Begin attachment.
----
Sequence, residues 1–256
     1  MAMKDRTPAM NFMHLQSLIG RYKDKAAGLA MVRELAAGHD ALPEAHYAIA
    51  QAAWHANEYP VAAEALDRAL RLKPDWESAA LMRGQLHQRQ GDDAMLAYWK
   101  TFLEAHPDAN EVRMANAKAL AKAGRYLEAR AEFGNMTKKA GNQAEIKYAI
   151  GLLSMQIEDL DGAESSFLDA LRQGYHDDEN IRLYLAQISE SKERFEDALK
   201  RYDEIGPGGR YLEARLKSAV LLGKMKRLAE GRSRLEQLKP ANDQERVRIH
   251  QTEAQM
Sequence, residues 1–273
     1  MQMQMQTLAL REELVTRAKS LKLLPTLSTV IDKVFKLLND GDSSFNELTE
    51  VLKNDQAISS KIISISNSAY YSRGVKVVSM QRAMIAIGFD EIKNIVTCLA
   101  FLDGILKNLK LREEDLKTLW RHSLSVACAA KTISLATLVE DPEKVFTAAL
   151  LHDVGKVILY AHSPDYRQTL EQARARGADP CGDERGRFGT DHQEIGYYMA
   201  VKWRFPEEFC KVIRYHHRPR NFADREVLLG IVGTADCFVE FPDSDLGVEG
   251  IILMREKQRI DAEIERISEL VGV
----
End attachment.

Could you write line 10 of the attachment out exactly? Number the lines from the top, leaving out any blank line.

    51  VLKNDQAISS KIISISNSAY YSRGVKVVSM QRAMIAIGFD EIKNIVTCLA